_{ij}^{(1)}(x)=

*M*

_{ij}^{(2)}(x)

*E*

*i*(x) implies that

*E*_{j}^{−}^{1}(x)*M*_{ij}^{(2)}(x) =*M*_{ij}^{(1)}(x)*E*_{i}^{−}^{1}(x)

holds for all*x∈U**i**∩U**j*, where*E*^{−}_{k}^{1}(x):=E*k*(x)^{−}^{1}for all*x∈U**k*. As the ﬁnite entries
of*E*_{k}^{−}^{1}: *U**k*→*G(r) are again regular invertible functions we can also glue the maps*

*U**i**×R*^{r}*−*→*U**i**×R*^{r}*,*

(x, a)* −*→(x, E^{−}_{i}^{1}(x)*a),*

on the local trivializations to obtain the inverse morphism Ψ* ^{}*:

*|F*2

*|→|F*1

*|*, which proves that Ψ is an isomorphism.

The morphisms we have just introduced admit another important operation, namely the pull-back of a vector bundle.

*Deﬁnition* 1.19.(Pull-back of vector bundles) Let *π:* *F*→*X* be a vector bun-
dle of rank *r* with open covering *U*1*, ..., U**s* and transition maps *M**ij* as in Def-
inition 1.6, and let *f*:*Y*→*X* be a morphism of tropical cycles. Then the *pull-*
*back bundle* *π** ^{}*:

*f*

^{∗}*F*→

*Y*is the vector bundle we obtain by gluing the patches

*f*

^{−}^{1}(U1)

*×R*

^{r}*, ..., f*

^{−}^{1}(U

*s*)

*×R*

*along the transition maps*

^{r}*M*

*ij*

*◦f*. Hence we obtain the commutative diagram

*f*^{∗}*F*

*f*^{}

*π*^{}

*F*

*π*

*Y*

*f*

*X*
*,*

where*f** ^{}* and

*π*

*are locally given by*

^{}*f*

*:*

^{}*f*

^{−}^{1}(U

*i*)

*×R*

^{r}*−*→

*U*

*i*

*×R*

^{r}*,*(y, a)

*−*→(f(y), a),

and *π** ^{}*:

*f*

^{−}^{1}(U

*i*)

*×R*

^{r}*−*→

*f*

^{−}^{1}(U

*i*), (y, a)

*−*→

*y.*

To be able to deﬁne Chern classes in the second section we need the notion of a rational section of a vector bundle.

*Deﬁnition*1.20.(Rational sections of vector bundles) Let*π:F*→*X*be a vector
bundle of rank*r. Arational sections*:*X*→*F* of*F*is a continuous map*s*:*|X|→|F|*
such that

(a) *π(s(x))=x*for all*x∈|X|*;

(b) there exist an open covering *U*1*, ..., U**s*and homeomorphisms Φ*i* satisfying
Deﬁnition1.6(cf. Deﬁnition1.8) such that the maps*p*^{(i)}_{j}*◦*Φ*i**◦s:U**i*→Rare rational
functions on*U** _{i}* for all

*i*and

*j, wherep*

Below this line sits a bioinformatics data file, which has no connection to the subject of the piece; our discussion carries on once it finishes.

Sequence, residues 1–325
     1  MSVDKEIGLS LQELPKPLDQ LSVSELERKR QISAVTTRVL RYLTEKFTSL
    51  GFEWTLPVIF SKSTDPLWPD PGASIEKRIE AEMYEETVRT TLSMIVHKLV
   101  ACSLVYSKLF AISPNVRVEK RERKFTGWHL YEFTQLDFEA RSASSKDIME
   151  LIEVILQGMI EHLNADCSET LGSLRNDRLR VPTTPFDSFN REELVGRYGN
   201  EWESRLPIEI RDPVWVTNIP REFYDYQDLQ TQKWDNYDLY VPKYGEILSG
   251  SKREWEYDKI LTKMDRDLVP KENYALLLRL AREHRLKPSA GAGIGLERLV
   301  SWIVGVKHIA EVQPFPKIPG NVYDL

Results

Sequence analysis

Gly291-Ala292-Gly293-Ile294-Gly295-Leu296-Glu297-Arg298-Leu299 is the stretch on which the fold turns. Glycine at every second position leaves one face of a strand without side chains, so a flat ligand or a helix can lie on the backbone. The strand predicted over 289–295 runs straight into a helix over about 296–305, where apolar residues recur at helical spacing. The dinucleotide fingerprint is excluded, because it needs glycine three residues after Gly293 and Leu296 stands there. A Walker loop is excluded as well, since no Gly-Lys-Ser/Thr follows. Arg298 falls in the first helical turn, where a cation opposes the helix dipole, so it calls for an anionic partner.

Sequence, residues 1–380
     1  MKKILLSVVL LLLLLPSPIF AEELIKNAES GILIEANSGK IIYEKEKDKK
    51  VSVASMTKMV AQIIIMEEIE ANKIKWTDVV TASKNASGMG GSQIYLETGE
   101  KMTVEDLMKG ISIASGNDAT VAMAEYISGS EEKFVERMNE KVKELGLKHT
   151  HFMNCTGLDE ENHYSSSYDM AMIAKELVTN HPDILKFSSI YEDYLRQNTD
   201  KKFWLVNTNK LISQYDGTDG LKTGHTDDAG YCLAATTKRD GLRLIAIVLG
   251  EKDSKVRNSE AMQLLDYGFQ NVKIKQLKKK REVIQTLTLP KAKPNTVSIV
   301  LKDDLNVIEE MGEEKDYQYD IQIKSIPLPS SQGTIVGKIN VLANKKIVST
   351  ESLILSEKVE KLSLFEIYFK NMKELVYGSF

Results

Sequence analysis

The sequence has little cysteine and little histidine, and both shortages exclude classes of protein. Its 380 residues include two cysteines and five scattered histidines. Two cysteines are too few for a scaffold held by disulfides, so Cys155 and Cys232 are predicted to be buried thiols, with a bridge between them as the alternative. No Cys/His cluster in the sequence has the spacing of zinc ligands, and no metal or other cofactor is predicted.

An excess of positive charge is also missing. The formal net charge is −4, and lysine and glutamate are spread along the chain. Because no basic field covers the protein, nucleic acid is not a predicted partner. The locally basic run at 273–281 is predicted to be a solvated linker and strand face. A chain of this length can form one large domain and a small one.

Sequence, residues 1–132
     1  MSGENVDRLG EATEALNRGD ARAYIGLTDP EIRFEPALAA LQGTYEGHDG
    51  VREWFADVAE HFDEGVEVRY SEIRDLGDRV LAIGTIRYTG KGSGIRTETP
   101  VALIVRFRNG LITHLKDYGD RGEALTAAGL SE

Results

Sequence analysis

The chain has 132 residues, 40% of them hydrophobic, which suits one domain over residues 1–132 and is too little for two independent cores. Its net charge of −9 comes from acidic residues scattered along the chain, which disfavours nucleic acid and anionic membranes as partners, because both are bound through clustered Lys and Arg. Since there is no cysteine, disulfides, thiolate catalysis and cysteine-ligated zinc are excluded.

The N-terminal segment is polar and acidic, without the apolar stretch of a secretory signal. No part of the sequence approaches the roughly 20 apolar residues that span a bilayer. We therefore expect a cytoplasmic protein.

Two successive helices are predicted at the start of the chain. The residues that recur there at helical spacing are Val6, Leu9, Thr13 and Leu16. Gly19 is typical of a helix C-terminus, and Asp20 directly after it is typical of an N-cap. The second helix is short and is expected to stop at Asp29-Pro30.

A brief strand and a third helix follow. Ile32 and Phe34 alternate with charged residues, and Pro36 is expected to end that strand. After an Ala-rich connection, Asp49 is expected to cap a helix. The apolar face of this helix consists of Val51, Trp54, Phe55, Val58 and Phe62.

^{(i)}

*:*

_{j}*U*

_{i}*×R*

*→R, (x,(a*

^{r}_{1}

*, ..., a*

*))*

_{r}*→a*

*.*

_{j}A rational section *s:* *X*→*F* is called*bounded* if the above maps *p*^{(i)}_{j}*◦*Φ*i**◦s*are
bounded for all*i* and*j.*

*Remark* 1.21. Let*π*:*L*→*X* be a line bundle and *s:* *X*→*L* be a rational sec-
tion. By deﬁnition, the map*p*^{(i)}*◦*Φ_{i}*◦s*is a rational function on*U** _{i}* for all

*i. More-*over, on

*U*

*i*

*∩U*

*j*the maps

*p*

^{(i)}

*◦*Φ

*i*

*◦s*and

*p*

^{(j)}

*◦*Φ

*j*

*◦s*diﬀer by a regular invertible function only. Hence

*s*deﬁnes a Cartier divisor

*D*(s)

*∈*Div(X).

There is a useful statement on these Cartier divisors*D*(s) in [T] that we want
to cite here including its proof.

**Lemma 1.22.** *Let* *π*: *L*→*X* *be a line bundle and let* *s*1*, s*2: *X*→*L* *be two*
*bounded rational sections.* *ThenD*(s1)*−D*(s2)=h *for some bounded rational func-*
*tionh∈K** ^{∗}*(X),

*i.e.*

*D*(s1)

*andD*(s2)

*are rationally equivalents.*

*Proof.* Let *U*_{1}*, ..., U** _{s}* be an open covering of

*X*with transition maps

*M*

*and homeomorphisms Φ*

_{ij}*i*according to Deﬁnition 1.6 such that for all

*i*both

*s*

^{(i)}

_{1}:=

*p*^{(i)}_{1} *◦*Φ*i**◦s*1 and *s*^{(i)}_{2} :=p^{(i)}_{1} *◦*Φ*i**◦s*2 are rational functions on*U**i* (cf. Deﬁnition1.20).

We deﬁne *h**i*:=s^{(i)}_{1} *−s*^{(i)}_{2} *∈K** ^{∗}*(U

*i*). Since we have that

*s*

^{(i)}

_{1}

*−s*

^{(j)}

_{1}=s

^{(i)}

_{2}

*−s*

^{(j)}

_{2}=M

*ij*

*∈*

*O*

*(U*

^{∗}*i*

*∩U*

*j*) for all

*i*and

*j, these maps*

*h*

*i*glue together to

*h∈K*

*(X). Hence we have that*

^{∗}*D*(s1)*−D*(s2) = [*{*(U*i**, s*^{(i)}_{1} )*}*]*−*[*{*(U*i**, s*^{(i)}_{2} )*}*]

= [*{*(U_{i}*, s*^{(i)}_{1} *−s*^{(i)}_{2} )*}*]=[*{*(U_{i}*, h** _{i}*)

*}*]=[

*{*(

*|X|, h)}*].

*Remark* 1.23. Lemma1.22implies that we can associate with any line bundle
*L*admitting a bounded rational section*s*a Cartier divisor class*D*(F):=[*D*(s)] that
only depends on the bundle*L*and not on the choice of the rational section*s.*

Combining both the notion of morphism of vector bundles and the notion of rational section we can give the following deﬁnition.

*Deﬁnition*1.24.(Pull-back of rational sections) Let*π:* *F*→*X* be a vector bun-
dle of rank *r* and *f*:*Y*→*X* be a morphism of tropical varieties. Moreover, let
*s*: *X*→*F* be a rational section of *F* with open covering *U*1*, ..., U**s* and homeo-
morphisms Φ1*, ...,*Φ*s* as in Deﬁnition 1.20. Then we can deﬁne a rational section
*f*^{∗}*s:* *Y*→ *f*^{∗}*F* of*f*^{∗}*F*, the*pull-back section* of*s, as follows: Onf*^{−}^{1}(U* _{i}*) we deﬁne

*f*^{∗}*s*:*f*^{−}^{1}(U*i*)*−*→*f*^{−}^{1}(U*i*)*×R*^{r}*,*
*y −*→(y,(p*i**◦*Φ*i**◦s◦f*)(y)),

where *p**i*: *U**i**×R** ^{r}*→R

*is the projection on the second factor. Note that for*

^{r}*y∈*

*f*

^{−}^{1}(U

*i*)

*∩f*

^{−}^{1}(U

*j*) the points (y,(p

*i*

*◦*Φ

*i*

*◦s◦f*)(y)) and (y,(p

*j*

*◦*Φ

*j*

*◦s◦f*)(y)) are iden- tiﬁed in

*f*

^{∗}*F*if and only if (f(y),(p

_{i}*◦*Φ

_{i}*◦s◦f*)(y)) and (f(y),(p

_{j}*◦*Φ

_{j}*◦s◦f*)(y)) are identiﬁed in

*F*. But this is the case as

(f(y),(p_{i}*◦*Φ_{i}*◦s◦f*)(y)) = (Φ_{i}*◦s)(f*(y))*∼*(Φ_{j}*◦s)(f*(y)) = (f(y),(p_{j}*◦*Φ_{j}*◦s◦f*)(y)).

Hence we can glue our locally deﬁned map*f*^{∗}*s*to obtain a map *f*^{∗}*s*:*Y*→*f*^{∗}*F.*

We ﬁnish this section with the following statement on vector bundles on simply connected tropical cycles which will be of use for us later on.

**Theorem 1.25.** *Let* *π*:*F*→*X* *be a vector bundle of rank* *r* *on the simply*